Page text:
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Tussling at the Top?
Signs of a power struggle between President Dmitry Medvedev and Prime Minister Vladimir Putin have become more evident in recent weeks. In early March, Medvedev harshly rebuked Putin for publicly criticizing NATO intervention in the civil war in Libya, declaring that Putin’s use of the word “crusade” to describe the military operation was “unacceptable.” Shortly thereafter, the president ordered all government ministers to resign from positions on the boards of state-owned companies by July 1. The move is consistent with Medvedev’s long-stated goals of reducing corruption and depoliticizing business activities, but, if enforced, the order could also decrease the influence of several of Putin’s top political allies in economic affairs.
To all appearances, Medvedev is seeking to establish his independence from Putin, without whose support he would never have become president in the first place. However, his motive for doing so is far from clear.
Putin was constitutionally barred from seeking a third consecutive term in 2008, and hand picked Medvedev to be his successor. Given Medvedev’s thin political resume (he had never before held elected office) and his lack of an independent base of support, most observers assumed that Putin saw Medvedev’s role as that of a placeholder, and that he had every intention of returning to the presidency as soon as he was legally permitted to do so.
Against that backdrop, some have suggested that Medvedev’s actions indicate that he has decided he wants a second term, regardless of Putin’s plans. But that is quite likely not the case. The identity of Russia’s next president will not be determined at the polls, but rather by backroom negotiations among leaders of United Russia, whose dominance is such that its candidate is all but assured of victory in the 2012 election. As such, Medvedev cannot win re-election unless he secures the nomination of United Russia, which will only happen with Putin’s blessing.
Thus, to the extent that Medvedev’s recent actions are guided by career ambitions, they have been taken in consultation with Putin. Indeed, the two leaders have long been suspected of engaging in a “good cop, bad cop” role play aimed at creating the impression of debate within the upper ranks of the government.
That said, it is possible that Medvedev truly disagrees with Putin and his allies about what is best for Russia, and has decided, however late in the game, to use his presidential powers to make a difference where he can. But if that is the case, his actions are not intended to establish a basis for winning a second term, but rather reflect his recognition that he needs to act now because he is not going to get a second term.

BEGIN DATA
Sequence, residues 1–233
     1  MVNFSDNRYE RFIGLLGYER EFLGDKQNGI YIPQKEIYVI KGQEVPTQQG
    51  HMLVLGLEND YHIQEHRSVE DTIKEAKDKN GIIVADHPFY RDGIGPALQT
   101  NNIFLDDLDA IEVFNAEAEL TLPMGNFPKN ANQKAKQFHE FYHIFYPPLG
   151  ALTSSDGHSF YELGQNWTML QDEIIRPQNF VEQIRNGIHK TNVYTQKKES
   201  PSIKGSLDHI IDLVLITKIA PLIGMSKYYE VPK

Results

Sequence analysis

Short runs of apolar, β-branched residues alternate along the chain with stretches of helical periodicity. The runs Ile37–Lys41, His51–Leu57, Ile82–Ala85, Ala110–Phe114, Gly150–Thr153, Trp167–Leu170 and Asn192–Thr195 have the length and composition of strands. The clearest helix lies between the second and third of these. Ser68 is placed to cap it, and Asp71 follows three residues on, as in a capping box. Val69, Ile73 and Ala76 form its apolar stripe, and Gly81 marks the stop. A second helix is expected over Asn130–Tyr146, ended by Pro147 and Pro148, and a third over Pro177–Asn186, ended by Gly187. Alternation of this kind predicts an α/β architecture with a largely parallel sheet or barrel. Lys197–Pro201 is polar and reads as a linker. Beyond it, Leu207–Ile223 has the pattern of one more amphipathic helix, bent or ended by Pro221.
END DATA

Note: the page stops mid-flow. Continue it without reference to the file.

The latter of those scenarios has clearer negative implications for investors, as the very fact that there is not a clear line between business and politics means that Russia’s commercial partners are vulnerable to becoming caught in the middle of a fight between Medvedev and Putin. However, the possibility that Putin and Medvedev are actually engaging in political theater is hardly reassuring, as that would suggest that Putin is willing to disguise his true policy preferences for political reasons, a strategy that points to a high potential for government priorities—and policies—to shift with the political winds once Putin returns to the presidency
Major Oil Deal on the Rocks
Although Medvedev’s prohibition on government ministers holding board positions with state-owned companies is intended to improve the climate for business, the immediate effect has been anything but positive for the British-owned energy giant, BP, which is the single largest foreign investor in Russia. In late March, Deputy Prime Minister Igor Sechin, a close political ally of Prime Minister Putin, announced his resignation as chairman of Rosneft, a state-owned oil and gas company, and his departure marks a significant setback for BP’s hopes of salvaging a massive share swap deal with Rosneft that is being challenged in the courts.
Back in January, BP agreed to a$16 billion share-swap arrangement with Rosneft. If implemented, the deal would provide BP with a big leg up on the competition in the race to develop Arctic oil reserves in the South Kara Sea. For its part, Rosneft would benefit from the technology and expertise that BP brought to the partnership, and the legal cover provided by the transfer of some of the assets it obtained following the controversial dismantling of Yukos, previously Russia’s largest privately owned oil company, to BP.